Less than a week before the holiday, six families are mourning the loss of their loved ones who died when a Taliban suicide bomber drove a motorcycle packed with explosives into a U.S-Afghan air patrol.
The attack was the deadliest on U.S. forces in Afghanistan this year, reports CBS News correspondent Margaret Brennan.
Air Force Major Adrianna Vorderbruggen was the highest-ranking officer killed in Monday's attack.
"She's a hero and I hope she's a hero to all of us, not just to me," said her older brother, Christopher Vordergbruggen, choking on tears.
He said his trailblazing sister was charged with protecting the largest U.S. military base in Afghanistan.
"She intentionally would go on these patrols with her men because she wanted to show them that she would do what she was asking them to do," he said.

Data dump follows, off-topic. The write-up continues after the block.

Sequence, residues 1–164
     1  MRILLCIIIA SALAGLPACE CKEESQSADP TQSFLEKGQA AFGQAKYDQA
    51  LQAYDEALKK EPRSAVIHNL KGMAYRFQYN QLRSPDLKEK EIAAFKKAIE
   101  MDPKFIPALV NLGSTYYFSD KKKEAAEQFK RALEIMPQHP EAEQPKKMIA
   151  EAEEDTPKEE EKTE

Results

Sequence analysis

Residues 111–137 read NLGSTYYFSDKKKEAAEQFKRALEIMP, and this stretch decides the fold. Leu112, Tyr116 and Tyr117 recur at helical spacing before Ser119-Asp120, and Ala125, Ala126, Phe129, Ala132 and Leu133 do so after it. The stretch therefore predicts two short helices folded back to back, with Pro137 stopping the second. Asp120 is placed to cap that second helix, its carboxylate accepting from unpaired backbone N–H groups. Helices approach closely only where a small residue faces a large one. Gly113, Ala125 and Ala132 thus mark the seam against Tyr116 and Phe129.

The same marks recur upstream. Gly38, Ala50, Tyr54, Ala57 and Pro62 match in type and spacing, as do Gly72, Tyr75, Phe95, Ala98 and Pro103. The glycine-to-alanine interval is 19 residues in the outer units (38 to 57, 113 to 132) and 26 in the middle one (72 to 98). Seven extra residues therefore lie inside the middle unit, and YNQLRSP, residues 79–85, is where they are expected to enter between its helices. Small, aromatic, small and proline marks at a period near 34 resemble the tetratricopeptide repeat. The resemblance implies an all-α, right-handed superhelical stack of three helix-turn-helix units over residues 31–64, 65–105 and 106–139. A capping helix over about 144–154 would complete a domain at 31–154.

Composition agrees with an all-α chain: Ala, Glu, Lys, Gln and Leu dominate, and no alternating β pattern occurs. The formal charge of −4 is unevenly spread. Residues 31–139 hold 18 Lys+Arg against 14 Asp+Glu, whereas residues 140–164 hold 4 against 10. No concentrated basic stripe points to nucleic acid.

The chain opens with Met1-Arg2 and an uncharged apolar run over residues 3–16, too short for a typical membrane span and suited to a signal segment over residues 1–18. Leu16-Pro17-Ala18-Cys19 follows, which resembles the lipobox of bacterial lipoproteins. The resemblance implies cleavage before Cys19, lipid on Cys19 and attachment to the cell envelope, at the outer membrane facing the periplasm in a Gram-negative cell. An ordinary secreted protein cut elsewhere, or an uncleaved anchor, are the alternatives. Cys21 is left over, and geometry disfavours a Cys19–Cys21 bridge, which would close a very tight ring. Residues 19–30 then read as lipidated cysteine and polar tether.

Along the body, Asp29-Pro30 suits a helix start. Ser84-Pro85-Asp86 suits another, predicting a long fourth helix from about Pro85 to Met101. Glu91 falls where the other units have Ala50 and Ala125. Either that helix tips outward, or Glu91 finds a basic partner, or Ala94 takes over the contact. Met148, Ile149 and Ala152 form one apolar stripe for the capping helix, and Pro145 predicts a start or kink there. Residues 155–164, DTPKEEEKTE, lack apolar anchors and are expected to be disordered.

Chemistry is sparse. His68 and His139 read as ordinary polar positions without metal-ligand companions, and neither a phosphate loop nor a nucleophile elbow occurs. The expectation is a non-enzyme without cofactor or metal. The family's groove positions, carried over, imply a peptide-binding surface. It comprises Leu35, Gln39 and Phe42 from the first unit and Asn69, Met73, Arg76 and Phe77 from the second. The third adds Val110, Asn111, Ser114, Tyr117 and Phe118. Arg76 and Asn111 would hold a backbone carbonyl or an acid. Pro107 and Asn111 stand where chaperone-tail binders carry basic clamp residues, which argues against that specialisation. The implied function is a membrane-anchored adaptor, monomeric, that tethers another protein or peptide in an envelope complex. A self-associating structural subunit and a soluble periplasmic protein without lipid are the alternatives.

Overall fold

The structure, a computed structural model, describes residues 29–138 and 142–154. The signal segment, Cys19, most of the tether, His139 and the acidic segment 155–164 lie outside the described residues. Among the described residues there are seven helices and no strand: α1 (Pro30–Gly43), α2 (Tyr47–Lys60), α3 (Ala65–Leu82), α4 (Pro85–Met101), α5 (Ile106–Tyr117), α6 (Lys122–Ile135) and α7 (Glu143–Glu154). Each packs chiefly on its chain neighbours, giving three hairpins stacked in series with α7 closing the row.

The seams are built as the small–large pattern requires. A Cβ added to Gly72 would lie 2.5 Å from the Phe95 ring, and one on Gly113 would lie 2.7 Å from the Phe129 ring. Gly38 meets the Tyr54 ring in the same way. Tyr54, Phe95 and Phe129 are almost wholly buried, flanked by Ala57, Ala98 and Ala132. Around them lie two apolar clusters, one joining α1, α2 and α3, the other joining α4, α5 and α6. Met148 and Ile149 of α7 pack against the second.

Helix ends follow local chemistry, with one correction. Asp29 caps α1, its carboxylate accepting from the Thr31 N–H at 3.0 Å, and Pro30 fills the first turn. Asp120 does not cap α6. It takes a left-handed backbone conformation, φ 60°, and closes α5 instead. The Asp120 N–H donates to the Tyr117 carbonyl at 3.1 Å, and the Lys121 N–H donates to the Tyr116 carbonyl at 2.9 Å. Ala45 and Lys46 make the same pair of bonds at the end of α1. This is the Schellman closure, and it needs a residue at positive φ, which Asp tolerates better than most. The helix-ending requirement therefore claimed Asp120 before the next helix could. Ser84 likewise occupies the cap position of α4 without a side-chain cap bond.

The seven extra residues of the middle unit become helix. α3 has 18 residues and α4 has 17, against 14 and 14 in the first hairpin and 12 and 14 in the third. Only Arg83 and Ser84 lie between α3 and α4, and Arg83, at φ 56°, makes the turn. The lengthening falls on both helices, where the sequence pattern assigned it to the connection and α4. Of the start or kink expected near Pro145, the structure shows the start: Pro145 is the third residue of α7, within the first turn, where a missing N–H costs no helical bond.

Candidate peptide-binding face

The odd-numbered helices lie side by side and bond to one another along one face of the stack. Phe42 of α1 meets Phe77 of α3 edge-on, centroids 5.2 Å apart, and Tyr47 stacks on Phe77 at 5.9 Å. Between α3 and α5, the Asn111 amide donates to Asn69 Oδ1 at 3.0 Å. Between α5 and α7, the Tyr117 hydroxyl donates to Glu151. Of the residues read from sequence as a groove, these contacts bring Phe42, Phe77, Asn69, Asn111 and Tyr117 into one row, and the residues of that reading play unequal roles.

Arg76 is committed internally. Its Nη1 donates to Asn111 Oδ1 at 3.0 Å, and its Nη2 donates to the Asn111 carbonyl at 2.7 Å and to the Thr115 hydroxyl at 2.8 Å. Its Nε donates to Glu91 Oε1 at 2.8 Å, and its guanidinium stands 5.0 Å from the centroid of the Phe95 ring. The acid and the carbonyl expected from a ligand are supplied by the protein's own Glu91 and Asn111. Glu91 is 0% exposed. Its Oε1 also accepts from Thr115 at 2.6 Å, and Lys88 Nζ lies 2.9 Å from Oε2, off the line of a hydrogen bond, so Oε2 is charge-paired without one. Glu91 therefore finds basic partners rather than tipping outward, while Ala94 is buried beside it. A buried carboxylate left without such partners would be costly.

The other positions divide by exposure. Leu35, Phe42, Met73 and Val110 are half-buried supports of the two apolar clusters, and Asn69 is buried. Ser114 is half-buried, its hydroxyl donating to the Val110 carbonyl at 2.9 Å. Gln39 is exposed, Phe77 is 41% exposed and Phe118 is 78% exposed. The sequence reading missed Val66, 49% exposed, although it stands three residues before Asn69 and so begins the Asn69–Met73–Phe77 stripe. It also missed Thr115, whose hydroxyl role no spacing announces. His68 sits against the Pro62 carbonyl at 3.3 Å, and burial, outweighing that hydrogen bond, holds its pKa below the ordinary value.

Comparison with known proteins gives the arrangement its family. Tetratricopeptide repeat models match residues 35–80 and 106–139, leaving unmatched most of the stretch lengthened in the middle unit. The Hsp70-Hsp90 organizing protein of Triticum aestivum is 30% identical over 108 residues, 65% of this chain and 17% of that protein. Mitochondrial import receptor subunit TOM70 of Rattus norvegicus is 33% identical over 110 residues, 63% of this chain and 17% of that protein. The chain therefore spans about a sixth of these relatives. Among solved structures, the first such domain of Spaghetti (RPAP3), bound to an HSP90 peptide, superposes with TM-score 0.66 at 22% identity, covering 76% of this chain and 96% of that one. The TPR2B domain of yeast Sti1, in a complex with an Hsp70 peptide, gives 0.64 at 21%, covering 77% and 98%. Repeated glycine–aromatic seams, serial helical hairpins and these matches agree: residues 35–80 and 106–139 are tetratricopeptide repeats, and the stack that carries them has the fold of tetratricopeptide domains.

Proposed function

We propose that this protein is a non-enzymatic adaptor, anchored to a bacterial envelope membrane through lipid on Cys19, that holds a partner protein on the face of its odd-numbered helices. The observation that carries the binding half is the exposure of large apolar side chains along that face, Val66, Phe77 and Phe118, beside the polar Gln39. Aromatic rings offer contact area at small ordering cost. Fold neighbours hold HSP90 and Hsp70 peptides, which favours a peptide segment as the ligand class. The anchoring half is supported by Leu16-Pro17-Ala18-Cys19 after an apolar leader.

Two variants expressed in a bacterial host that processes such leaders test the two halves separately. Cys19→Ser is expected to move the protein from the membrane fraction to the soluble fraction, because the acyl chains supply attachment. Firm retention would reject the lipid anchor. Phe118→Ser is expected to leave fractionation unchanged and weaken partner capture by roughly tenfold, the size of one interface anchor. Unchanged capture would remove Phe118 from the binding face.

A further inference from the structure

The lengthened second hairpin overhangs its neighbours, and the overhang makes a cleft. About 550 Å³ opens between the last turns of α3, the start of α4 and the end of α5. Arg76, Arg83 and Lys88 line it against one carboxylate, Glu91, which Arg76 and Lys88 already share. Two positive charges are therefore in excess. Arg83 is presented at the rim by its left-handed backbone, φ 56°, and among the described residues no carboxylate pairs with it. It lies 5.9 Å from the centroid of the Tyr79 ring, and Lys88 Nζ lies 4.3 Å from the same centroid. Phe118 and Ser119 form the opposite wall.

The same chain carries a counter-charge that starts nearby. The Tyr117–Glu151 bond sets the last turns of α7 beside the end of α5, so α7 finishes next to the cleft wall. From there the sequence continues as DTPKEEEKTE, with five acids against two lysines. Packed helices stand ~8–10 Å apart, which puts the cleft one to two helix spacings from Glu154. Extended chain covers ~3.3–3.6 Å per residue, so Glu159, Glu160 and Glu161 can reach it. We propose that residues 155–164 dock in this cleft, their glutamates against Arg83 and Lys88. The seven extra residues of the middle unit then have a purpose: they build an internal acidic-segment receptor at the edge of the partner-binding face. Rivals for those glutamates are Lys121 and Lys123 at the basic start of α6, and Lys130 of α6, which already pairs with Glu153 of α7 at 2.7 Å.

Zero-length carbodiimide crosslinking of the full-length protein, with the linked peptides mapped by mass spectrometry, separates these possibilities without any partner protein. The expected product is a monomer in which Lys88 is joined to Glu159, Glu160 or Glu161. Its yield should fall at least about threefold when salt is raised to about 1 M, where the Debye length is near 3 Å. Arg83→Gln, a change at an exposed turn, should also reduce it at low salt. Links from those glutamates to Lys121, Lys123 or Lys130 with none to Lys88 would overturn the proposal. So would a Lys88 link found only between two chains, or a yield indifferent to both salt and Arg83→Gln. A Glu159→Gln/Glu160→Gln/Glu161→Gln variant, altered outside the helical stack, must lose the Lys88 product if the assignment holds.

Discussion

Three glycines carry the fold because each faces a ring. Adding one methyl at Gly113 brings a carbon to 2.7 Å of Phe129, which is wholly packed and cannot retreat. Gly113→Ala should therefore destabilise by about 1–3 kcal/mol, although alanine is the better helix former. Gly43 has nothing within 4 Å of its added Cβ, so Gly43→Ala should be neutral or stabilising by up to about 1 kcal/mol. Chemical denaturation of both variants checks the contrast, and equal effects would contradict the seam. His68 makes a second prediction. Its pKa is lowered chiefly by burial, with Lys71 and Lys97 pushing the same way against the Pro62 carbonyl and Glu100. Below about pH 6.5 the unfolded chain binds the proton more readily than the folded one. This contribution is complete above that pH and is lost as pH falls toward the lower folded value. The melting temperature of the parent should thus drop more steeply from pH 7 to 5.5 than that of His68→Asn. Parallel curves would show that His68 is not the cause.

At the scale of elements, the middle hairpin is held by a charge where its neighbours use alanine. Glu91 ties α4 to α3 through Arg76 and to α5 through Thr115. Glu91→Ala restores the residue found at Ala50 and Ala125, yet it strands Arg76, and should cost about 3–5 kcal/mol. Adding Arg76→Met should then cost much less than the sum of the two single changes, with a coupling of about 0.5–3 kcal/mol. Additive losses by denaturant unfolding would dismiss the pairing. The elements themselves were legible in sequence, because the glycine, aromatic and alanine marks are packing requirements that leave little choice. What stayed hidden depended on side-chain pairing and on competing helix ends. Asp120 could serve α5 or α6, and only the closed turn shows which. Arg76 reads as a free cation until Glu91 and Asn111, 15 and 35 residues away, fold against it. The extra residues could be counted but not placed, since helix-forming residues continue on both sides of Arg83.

Vorderbruggen is one of the first openly gay female U.S. Air Force officers killed in action. She had long championed the repeal of the military's "Don't ask, Don't tell" policy - a change that now makes her wife and son eligible for military benefits.
"She inspired us all I think by just being herself, and being proud to be who she was," her older brother said.
Flags in New York are flying at half-staff Wednesday to honor a New York City police detective who was also killed in the attack. The 15-year veteran of the New York Police Department was also a member of the Air National Guard, and on his second tour to Afghanistan.
Staff Sgt. Peter Taub was also killed. His mother runs a Washington restaurant, now closed so she can "mourn this horrible loss."
The three other airmen killed were Michael Cinco, Chester McBride and Louis Bonacasa.
The Taliban has gained strength since the end of the U.S. combat mission. They proudly released a photo on Tuesday of the bomber they claimed killed the Americans.
Now U.S. and British forces are again coming to the aid of the struggling Afghan army, which is trying to hold off the Taliban takeover of a crucial southern province.